As expected, the gasoline prices in Atlanta spiked the evening before hurricane Ike hit the Texas coast. And equally expected was the hysterical reaction of our elected officials and unelected bureaucrats who kept accusing gas station owners of price gouging. Whether they were right or not is beyond the point; I'm simply in favor of price spikes in times of panic.
Gas station owners are in a very precarious pricing situation. They are in an extremely competitive industry, with pricing pressures changing within hours. However, it is in their best interest to keep their prices slightly above demand, in order to always have gas available. According to various sources, gas station stores record much higher profit margins than gas itself, and thus attracting people with available, yet cheap gas, is essential. Striking this balance can be difficult during regular times; during a panic it's hit and miss.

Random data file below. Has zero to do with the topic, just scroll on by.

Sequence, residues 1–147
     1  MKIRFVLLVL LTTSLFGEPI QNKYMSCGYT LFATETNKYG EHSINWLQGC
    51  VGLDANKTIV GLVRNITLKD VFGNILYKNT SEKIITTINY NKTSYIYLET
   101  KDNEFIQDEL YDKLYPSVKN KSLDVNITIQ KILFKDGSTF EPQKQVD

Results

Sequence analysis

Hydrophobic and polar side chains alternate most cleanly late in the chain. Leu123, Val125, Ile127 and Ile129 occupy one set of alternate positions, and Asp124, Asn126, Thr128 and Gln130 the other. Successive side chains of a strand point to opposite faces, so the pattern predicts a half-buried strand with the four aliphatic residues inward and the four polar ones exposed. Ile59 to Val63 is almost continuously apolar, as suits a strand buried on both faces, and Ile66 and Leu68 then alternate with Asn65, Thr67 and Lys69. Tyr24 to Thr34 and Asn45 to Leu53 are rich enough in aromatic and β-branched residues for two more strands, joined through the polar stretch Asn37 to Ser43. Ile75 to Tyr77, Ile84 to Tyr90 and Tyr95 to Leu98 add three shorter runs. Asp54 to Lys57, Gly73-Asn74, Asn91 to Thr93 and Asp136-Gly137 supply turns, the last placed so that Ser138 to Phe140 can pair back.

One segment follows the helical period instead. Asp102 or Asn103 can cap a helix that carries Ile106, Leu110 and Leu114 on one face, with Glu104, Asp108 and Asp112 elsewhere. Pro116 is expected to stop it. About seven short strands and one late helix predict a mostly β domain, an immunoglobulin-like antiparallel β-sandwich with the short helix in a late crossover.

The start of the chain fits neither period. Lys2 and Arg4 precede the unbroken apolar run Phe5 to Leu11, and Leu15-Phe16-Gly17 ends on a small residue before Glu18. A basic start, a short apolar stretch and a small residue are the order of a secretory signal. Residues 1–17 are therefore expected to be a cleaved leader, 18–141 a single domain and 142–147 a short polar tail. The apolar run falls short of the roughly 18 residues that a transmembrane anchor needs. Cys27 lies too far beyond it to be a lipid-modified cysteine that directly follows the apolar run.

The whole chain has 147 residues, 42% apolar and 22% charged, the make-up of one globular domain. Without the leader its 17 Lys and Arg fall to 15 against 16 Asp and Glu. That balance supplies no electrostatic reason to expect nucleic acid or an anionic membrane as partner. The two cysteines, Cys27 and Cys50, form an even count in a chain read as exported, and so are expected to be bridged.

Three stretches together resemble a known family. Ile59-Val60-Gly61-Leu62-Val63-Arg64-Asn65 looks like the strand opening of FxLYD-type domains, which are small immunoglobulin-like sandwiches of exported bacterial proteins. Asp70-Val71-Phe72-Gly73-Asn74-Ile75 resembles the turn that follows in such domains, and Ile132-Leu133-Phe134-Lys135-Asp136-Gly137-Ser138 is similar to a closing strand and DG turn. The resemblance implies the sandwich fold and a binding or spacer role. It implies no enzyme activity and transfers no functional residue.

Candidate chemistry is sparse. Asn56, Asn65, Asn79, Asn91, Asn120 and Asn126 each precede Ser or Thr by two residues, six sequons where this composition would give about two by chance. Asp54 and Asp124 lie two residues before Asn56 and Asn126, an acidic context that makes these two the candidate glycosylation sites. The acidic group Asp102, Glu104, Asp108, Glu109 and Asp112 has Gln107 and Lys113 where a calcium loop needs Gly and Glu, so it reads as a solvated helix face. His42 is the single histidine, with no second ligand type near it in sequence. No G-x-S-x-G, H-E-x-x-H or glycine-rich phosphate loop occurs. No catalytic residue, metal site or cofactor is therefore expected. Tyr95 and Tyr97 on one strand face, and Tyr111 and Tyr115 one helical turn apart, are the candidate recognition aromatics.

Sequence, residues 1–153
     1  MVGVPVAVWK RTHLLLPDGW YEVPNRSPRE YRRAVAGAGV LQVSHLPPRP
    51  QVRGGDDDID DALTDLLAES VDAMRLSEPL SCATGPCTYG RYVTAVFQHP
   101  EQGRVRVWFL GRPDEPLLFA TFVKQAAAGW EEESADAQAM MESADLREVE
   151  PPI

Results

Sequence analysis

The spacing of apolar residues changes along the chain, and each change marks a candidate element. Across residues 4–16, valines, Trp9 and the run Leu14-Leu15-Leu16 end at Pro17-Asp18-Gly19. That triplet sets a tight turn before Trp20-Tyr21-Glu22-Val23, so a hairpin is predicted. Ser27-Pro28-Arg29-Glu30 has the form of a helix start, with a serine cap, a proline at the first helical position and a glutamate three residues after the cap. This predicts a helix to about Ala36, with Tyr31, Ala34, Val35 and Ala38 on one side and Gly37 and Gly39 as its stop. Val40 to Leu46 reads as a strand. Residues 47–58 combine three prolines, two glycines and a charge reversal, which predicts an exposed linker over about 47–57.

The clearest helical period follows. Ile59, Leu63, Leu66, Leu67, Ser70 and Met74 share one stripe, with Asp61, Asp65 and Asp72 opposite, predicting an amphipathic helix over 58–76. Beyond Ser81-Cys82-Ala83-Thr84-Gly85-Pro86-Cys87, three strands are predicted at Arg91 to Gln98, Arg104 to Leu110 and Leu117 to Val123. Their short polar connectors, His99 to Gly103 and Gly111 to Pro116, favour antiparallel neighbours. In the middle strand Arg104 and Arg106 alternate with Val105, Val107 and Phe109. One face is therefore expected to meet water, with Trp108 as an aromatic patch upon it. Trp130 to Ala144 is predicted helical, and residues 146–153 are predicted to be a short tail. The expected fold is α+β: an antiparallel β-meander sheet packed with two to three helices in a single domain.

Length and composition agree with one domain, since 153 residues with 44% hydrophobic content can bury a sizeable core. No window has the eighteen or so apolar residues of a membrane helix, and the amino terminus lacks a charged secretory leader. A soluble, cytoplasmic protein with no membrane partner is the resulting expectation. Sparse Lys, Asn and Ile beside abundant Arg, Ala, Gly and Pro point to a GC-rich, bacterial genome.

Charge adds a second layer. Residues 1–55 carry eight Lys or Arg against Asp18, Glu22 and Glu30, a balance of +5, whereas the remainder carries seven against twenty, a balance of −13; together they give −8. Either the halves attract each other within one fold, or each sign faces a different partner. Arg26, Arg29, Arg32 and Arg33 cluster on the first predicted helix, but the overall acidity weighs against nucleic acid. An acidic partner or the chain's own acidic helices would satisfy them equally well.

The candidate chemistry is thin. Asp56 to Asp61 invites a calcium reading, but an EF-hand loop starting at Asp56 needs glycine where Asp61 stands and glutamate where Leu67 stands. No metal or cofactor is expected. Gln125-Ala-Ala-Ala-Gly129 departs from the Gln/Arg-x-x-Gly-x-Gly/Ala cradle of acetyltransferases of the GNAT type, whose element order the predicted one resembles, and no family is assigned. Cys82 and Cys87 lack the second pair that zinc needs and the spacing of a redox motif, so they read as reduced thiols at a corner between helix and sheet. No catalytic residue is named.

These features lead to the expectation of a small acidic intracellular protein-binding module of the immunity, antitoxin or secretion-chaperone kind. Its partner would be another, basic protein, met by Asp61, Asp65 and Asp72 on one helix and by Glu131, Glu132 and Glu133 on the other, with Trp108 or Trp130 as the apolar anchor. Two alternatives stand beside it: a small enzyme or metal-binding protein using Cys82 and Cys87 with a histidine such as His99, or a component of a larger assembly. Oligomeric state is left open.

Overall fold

This was also the case in Atlanta during the last panic. The local Quicktrip had regular gas for $3.66 in the morning, $3.93 in the afternoon and was sold out in the evening. A nearby Chevron station had gas available, for $4.26. Thus the fair price for the local market was somewhere between $3.93 and $4.26, with the first creating excess demand and the latter surplus. Those who favor price controls during panics should now pay close attention: as a driver, I couldn't care less about the price of gasoline when my tank is empty, only about its availability. Even those who view gas stations as more than just as business, as providers of essential infrastructure goods, should realize that because of the higher price, the Chevron station has provided an important public service: it kept gas available for people who really needed it. Quicktrip failed in this function: its manager did not estimate the level of demand properly, causing the station to run out of gas and stop servicing its constituency for nearly four days.